Night Moves

Review by David Jenkins @daveyjenkins

Directed by

Kelly Reichardt


Dakota Fanning Jesse Eisenberg Peter Sarsgaard


Reichardt is on a roll. Is it time to come a-cropper?


Hells no. This is one rich and chilling movie that deals with the concept of violence in its most rudimentary state.

In Retrospect.

Stellar work from all involved.

Kelly Reichardt returns with an extremely cool and collected heist movie with Jesse Eisenberg and Dakota Fanning.

With Night Moves, American director Kelly Reichardt makes it five for five. She initially proffers a fastidious, Melvillian crime picture with special attention given to manual processes rather than human drama, but then elegantly pulls the focus back (with the help of a very subtle twist) in the second half to reveal that the caper at the film’s centre was only included for context.

The caper in question is the illegal demolition of a dam which resides on a lake in rural Portland, and it’s a job that’s being executed with the use of 200lbs of ammonium fertiliser and a cheap-o speed boat bequeathed the hipster legend, ‘Night Moves’. And – to clear the record – though it has no real relation to the Arthur Penn movie from 1975 with which it shares a title, it does have a similar sense of ’70s-style grit, melancholy and political pessimism.

Again, following in the trail of her existential range western, Meek’s Cutoff, Reichardt refuses to trade in binary shades of good and evil. In Jesse Eisenberg’s monosyllabic Josh, she presents a young man almost mechanically driven to achieve his goals, a person who is worried more about amply masking his internal fear than postulating on the potential downsides of his scheme.

Reichardt also appears very at ease with this material, even lapsing into the odd showman-like editing flourish or choosing to pay lip-service to frivolous, candy-coated genre mechanics. Peter Sarsgaard’s character, a burn-out ex-Marine drafted in to assist with the pyrotechnics, adds some very dry humour to the brew, particularity in his verbal clashes with the ultra-meticulous Josh.

Eisenberg is the film’s binding agent, his admirably Spartan central performance is as militantly unruffled as Delon in Le Cercle Rouge. Yet he always ensures that an underlying sense of utter despair is palpable, if not visible. Indeed, Eisenberg’s customary clipped phrasing and precision-tooled performance style makes him perfect for a film about the fact that nothing and no-one can attain true perfection.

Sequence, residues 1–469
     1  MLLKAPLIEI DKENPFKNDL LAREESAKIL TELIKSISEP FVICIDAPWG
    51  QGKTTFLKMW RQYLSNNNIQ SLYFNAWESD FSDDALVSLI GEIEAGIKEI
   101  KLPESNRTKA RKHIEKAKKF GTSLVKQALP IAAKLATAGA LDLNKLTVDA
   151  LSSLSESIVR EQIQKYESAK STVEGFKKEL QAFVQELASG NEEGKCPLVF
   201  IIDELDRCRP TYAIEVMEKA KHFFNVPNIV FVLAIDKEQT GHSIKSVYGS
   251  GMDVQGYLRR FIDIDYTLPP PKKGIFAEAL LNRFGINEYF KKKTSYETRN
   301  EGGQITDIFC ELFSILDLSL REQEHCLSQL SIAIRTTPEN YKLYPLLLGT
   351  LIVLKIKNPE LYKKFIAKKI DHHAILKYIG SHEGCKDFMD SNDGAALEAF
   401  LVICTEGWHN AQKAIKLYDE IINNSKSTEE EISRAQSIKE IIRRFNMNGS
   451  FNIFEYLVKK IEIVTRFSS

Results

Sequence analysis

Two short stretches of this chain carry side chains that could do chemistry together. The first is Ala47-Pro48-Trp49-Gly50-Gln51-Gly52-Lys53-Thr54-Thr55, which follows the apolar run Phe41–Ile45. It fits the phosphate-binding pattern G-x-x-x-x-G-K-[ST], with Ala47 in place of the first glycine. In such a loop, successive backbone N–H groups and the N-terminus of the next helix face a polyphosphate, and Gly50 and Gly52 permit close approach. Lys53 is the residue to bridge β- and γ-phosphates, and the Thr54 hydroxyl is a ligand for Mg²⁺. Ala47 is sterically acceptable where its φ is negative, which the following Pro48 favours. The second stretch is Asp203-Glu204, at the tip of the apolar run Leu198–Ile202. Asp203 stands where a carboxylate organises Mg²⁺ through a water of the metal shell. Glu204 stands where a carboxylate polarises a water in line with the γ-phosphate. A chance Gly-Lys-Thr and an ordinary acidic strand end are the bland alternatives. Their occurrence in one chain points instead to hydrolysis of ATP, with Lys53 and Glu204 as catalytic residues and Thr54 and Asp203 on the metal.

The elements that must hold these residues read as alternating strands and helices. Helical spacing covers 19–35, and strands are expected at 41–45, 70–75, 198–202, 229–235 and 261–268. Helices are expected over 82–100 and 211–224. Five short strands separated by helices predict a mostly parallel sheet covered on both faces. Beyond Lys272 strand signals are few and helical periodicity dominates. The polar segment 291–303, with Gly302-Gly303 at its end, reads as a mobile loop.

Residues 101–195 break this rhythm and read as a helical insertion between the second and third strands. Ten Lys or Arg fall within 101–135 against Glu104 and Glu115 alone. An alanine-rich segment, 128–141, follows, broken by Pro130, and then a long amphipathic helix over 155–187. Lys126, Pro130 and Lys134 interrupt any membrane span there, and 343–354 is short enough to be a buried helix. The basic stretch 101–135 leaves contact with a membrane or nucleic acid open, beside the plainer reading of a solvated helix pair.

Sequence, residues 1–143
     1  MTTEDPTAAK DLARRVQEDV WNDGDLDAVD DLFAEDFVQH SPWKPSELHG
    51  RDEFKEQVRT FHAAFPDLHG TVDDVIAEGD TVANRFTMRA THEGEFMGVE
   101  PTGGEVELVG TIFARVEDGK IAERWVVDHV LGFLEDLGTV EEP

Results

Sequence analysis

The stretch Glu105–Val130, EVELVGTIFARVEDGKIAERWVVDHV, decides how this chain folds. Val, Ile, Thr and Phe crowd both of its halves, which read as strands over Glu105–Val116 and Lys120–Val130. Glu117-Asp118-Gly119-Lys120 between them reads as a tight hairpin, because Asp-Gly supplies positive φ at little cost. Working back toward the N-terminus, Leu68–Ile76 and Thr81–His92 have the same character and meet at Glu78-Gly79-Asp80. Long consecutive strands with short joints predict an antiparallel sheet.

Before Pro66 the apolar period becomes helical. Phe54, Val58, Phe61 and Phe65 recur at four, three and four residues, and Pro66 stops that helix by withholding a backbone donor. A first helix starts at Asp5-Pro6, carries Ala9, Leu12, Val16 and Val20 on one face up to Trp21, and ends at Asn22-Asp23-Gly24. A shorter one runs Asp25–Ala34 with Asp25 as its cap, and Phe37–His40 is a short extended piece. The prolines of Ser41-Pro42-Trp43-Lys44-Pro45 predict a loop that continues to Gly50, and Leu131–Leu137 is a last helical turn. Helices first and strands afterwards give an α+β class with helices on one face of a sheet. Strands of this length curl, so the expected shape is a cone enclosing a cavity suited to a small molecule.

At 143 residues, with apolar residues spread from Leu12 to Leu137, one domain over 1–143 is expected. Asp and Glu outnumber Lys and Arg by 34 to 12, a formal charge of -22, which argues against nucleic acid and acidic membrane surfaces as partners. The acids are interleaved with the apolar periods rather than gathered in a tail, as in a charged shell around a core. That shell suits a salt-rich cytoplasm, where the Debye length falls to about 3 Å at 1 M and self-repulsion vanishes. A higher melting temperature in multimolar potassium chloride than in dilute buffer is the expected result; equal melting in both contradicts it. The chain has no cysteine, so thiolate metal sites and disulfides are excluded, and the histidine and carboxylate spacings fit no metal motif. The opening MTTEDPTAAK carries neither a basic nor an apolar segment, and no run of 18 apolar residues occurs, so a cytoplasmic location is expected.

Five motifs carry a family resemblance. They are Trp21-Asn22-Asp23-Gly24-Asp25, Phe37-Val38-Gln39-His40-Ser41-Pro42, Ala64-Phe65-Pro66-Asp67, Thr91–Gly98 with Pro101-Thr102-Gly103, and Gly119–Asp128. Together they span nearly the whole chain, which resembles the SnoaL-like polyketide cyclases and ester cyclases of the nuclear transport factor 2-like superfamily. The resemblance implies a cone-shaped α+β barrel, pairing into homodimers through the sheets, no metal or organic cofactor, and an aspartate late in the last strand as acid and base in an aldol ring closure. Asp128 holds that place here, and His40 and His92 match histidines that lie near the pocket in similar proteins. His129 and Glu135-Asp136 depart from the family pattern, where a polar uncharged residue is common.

Yet this as much a film about eco-terrorism as Meek’s Cutoff was a film about the American gold rush, operating as a rich, sui generic parable for any and all acts of violence, whether micro scale such as the one chronicled here, or those sanctioned by governments with a view to being executed in foreign climes. The film is clearly rooted in classical tragedy, and there’s something noticeably Shakespearean about the manner in which the plot coyly unravels. Dakota Fanning’s character, Dena, who makes up one third of the terrorist trio, even develops a bizarre skin ailment as a physical reminder of her wrongdoing. And this is without mentioning the fact fraught and tender love triangle dynamic that could well be the catalyst for all these rash actions.

This is another stunning work from Reichardt. It’s never preachy or polemical and always supremely refined and pure. What’s so special about it is that Reichardt attains this bountiful subtextual depth and hardboiled psychological intensity with an absolute minimum of means. And all the while, it manages to grapple triumphantly with those primal philosophical notions of crime and punishment.

Published 28 Aug 2014


Reichardt is on a roll. Is it time to come a-cropper?


Hells no. This is one rich and chilling movie that deals with the concept of violence in its most rudimentary state.

In Retrospect.

Stellar work from all involved.

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